There are many reasons to avoid getting convicted of a drug-related offense. You can be barred from being employed in some sectors, like the medical field, as an attorney, teacher, airline pilot or any position requiring a security clearance.
If you planned to enter the military to serve your country, those doors may now be closed to you if you have certain drug convictions on your record. You may not be able to live in public housing, or rent from certain landlords because you will no longer be able to pass the necessary background checks.
Yet another area of your life that could be negatively impacted by a drug charge is your ability to receive student aid from the federal government, which includes work-study programs, loans and grants.
On your Free Application for Federal Student Aid, you have to truthfully answer whether you were convicted of any drug offenses during the time you received student aid from the government. If you were, you have to complete a worksheet to see if your conviction makes you ineligible to receive federal student aid.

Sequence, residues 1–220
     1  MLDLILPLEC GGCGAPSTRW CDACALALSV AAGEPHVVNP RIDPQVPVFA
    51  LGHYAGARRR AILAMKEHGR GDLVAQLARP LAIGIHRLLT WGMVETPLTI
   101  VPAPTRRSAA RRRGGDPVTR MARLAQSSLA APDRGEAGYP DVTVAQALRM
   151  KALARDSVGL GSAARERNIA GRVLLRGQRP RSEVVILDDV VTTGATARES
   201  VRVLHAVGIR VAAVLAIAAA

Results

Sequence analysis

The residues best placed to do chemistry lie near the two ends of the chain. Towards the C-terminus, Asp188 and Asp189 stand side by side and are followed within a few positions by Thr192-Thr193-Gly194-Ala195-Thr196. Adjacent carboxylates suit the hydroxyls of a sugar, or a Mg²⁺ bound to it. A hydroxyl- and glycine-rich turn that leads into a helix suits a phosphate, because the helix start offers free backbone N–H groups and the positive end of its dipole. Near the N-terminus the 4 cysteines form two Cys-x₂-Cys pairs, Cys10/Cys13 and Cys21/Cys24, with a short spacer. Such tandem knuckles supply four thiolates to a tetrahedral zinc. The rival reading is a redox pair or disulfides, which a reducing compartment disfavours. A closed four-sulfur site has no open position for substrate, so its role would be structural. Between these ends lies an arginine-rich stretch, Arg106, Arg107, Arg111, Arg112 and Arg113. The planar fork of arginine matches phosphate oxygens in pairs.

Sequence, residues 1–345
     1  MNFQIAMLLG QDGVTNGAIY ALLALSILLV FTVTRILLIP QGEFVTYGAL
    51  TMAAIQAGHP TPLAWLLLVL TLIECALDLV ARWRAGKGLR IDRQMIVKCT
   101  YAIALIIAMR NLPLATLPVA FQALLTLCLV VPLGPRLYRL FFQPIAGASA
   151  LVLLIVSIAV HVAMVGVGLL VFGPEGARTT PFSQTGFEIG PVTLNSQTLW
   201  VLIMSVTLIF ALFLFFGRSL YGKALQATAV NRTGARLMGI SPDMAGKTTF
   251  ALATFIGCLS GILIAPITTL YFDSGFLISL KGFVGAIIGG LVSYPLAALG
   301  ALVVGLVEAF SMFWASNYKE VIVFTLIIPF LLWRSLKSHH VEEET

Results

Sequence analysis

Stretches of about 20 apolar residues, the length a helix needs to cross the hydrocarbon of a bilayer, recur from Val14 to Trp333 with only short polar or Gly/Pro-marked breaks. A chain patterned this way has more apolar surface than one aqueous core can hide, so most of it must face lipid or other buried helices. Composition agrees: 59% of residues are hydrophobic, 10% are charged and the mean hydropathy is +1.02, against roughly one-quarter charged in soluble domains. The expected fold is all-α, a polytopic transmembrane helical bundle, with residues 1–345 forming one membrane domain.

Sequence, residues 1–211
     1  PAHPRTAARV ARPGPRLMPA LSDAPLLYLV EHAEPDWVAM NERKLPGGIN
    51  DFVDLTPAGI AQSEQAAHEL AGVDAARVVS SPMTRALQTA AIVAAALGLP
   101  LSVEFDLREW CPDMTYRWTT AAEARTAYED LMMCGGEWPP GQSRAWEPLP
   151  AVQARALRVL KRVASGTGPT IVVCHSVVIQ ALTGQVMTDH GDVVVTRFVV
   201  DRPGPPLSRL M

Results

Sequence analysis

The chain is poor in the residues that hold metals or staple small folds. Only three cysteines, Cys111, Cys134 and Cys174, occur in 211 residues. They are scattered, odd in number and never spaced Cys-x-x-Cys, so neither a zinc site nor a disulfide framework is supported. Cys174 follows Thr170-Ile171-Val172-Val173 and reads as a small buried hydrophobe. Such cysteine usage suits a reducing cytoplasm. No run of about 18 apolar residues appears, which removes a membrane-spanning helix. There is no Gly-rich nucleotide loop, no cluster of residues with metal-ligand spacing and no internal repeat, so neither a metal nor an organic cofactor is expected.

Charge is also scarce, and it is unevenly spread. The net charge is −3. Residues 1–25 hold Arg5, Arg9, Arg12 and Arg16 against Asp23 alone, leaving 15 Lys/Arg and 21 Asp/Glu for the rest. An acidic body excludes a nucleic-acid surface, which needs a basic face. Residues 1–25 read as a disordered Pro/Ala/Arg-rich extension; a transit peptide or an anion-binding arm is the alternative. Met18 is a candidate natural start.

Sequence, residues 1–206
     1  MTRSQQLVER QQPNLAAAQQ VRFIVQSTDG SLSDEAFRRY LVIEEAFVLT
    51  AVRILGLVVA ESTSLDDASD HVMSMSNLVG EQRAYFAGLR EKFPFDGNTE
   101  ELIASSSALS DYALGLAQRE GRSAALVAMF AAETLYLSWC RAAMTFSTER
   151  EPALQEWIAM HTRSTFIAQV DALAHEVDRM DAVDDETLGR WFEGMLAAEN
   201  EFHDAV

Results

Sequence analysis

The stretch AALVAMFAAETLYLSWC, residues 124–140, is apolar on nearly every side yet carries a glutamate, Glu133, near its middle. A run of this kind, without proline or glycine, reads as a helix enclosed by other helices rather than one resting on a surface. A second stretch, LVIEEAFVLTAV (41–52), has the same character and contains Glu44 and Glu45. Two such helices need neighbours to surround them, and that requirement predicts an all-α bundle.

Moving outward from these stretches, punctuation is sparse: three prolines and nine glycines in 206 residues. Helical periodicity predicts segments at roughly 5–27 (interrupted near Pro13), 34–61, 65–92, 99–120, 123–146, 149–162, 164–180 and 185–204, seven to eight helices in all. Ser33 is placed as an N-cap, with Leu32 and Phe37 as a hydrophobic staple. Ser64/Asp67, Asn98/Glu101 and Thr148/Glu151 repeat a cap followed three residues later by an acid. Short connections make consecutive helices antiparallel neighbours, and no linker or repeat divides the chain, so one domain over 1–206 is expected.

Your eligibility may be suspended because of your drug conviction. You may be able to become eligible sooner if you enter and complete an approved drug rehab program or pass two random drug screens.
Those who get convicted of drug charges that disqualify them from receiving federal student aid after submitting their FAFSA can become ineligible. Any financial aid that they receive during this ineligibility period may have to be returned.
In order to avoid dealing with these problems that can dog you for the rest of your life, if you get arrested for any type of drug offense, counter with a robust defense with an experienced criminal defense attorney by your side.
Source: U.S. Deparment of Education, "Students with criminal convictions have limited eligibility for federal student aid.," accessed Jan. 27, 2017